Pursuitist was lucky enough to catch up with Kevin Thompson, Chief Marketing Officer of Sotheby’s International Realty Affiliates, for his insights on the luxury real estate market. As an executive with a strong background in retail, including with Barney’s New York and Gucci, Thompson understands the world of luxury from a global perspective.

How do you feel the luxury consumer is changing? Is it generational or do you see shifts by country and region?

The conversation about luxury has evolved. Consumers are no longer connecting with consumption and ostentation and instead, are seeking a much more personal take on what’s most meaningful and rewarding – experiences, art, inspiration, family, and relationships. As personalization has begun its reign over the luxury mindset, the consumer journey has also experienced a shift. For our brand, it is about identifying new and authentic ways to connect with clients and ensuring that our marketing is digitally driven.

The luxury real estate market has been redefined in recent years due in large part to the impact of the new emerging luxury consumer – millennials. Millennials will make up a large part of the global economy for years to come. These individuals have a luxury sensibility and an affinity for exclusive brands, proving that luxury transcends income levels – it is about quality, uniqueness, and ultimately achieving a certain lifestyle. The younger millennials are starting to think about first-time home buying.

Because millennials were raised in a digitally driven environment, their approach to researching and selecting a home is entirely different. Millennials have an affinity with social media, and the even younger generation is almost dependent on it spending as much as 5 ½ hours a day on average connected to their phones. At Sotheby’s International Realty Affiliates, we are constantly feeding amazing digital content to our agents to help them more effectively market their properties to the changing luxury consumer.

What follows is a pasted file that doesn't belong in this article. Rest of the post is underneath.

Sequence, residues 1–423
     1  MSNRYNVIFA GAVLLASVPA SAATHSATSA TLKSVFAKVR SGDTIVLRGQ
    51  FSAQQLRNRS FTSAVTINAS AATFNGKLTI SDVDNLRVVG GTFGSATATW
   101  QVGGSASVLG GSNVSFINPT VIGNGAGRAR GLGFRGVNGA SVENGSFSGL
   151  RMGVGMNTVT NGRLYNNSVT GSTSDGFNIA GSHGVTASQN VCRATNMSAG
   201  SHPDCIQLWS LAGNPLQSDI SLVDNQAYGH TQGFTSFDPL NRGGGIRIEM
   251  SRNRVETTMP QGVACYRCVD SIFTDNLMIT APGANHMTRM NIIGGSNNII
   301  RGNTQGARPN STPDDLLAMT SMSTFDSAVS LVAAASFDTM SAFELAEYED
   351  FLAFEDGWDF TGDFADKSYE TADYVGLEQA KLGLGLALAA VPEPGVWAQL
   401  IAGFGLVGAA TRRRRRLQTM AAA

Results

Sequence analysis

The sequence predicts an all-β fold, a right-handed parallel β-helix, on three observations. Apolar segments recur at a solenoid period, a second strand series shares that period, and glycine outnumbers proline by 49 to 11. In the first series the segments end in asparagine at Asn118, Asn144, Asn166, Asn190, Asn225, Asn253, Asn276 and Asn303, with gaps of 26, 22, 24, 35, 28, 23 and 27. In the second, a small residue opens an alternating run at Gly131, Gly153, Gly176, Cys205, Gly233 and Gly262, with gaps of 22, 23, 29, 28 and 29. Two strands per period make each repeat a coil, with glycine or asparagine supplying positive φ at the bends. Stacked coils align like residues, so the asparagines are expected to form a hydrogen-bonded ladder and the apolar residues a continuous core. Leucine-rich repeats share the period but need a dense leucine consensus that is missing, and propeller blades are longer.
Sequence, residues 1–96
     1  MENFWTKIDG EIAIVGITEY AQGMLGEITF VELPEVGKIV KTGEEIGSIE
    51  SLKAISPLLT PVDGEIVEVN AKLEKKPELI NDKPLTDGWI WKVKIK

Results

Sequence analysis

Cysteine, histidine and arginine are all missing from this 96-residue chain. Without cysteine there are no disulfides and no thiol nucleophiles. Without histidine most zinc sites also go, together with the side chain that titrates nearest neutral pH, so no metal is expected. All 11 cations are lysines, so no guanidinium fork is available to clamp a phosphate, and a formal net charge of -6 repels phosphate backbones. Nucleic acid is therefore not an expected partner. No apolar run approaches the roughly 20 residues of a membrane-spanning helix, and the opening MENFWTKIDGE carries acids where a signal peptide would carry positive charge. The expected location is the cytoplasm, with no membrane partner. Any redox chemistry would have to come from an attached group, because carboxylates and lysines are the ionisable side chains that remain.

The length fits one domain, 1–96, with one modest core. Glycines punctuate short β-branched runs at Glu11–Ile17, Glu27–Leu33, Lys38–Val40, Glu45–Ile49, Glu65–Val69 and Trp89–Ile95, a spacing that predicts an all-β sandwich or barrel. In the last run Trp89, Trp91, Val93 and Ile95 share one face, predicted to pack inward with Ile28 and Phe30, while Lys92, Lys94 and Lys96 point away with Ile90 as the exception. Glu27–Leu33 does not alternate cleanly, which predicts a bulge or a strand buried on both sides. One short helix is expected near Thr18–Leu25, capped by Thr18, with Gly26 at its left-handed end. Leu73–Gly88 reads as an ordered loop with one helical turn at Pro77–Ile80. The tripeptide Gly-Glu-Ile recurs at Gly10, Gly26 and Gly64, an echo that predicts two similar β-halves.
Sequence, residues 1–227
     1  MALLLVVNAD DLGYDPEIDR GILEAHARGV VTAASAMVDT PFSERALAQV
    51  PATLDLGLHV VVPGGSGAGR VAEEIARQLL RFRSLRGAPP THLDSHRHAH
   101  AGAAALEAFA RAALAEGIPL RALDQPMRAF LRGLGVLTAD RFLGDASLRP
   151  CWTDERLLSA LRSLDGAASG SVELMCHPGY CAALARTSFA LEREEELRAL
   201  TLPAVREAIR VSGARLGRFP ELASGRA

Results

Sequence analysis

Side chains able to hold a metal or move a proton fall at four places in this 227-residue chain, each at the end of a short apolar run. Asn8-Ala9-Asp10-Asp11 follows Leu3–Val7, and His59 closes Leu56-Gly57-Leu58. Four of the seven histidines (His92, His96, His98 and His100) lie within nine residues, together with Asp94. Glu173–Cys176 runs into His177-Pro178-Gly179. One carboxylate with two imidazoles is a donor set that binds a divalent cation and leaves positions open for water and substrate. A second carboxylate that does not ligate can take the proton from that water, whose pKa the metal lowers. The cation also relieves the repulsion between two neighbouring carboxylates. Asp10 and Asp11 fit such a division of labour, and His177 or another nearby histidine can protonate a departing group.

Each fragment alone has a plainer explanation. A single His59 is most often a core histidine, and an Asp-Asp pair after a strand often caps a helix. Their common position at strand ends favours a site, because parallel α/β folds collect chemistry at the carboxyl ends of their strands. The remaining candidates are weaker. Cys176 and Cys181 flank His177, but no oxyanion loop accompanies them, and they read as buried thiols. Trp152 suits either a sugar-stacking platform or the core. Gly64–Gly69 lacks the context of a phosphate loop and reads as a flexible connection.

How much is new technology such as A.I. and virtual reality affecting how Sotheby’s International Realty agents are marketing homes?

Technology is having a significant impact on the luxury real estate industry and how homes are being marketed today. We have sold homes based on consumers only taking a virtual reality home tour and never setting foot inside the home. While this is not commonplace just yet, consumers are becoming more comfortable with the idea. Millennials trust their devices to guide them. Consumers have a greater degree of trust today in that what they are seeing through digital technology is real. They are becoming more comfortable with making a home purchase without seeing the property in-person. This approach is shifting how agents are marketing properties and where they are investing their time. It’s a profound change.

How important do you think print media is for selling luxury real estate? What’s most important for reaching consumers, video, social media etc.?

Print media is still an important component for reaching consumers to help sell luxury real estate. Our recent report, “The New Affluent,” offered unique insight into the changing landscape of luxury consumers and real estate consumers and how best to reach them. When both established and emerging affluent consumers were asked to evaluate the importance of print media, they still ranked it of significant value. There was only one caveat – the content must be engaging and compelling.

Print media still matters to affluent consumers, but the shift is in the content. In general, it is about balancing communication across all channels. If your content isn’t relevant, and/or you are only choosing to use certain channels to communicate, then you can’t have an effective and well-rounded conversation with consumers. It is imperative to have a well-rounded conversation and digital communication must be part of it. Even if your marketing programs are digital first, there must still be a focus on balancing your efforts across all channels.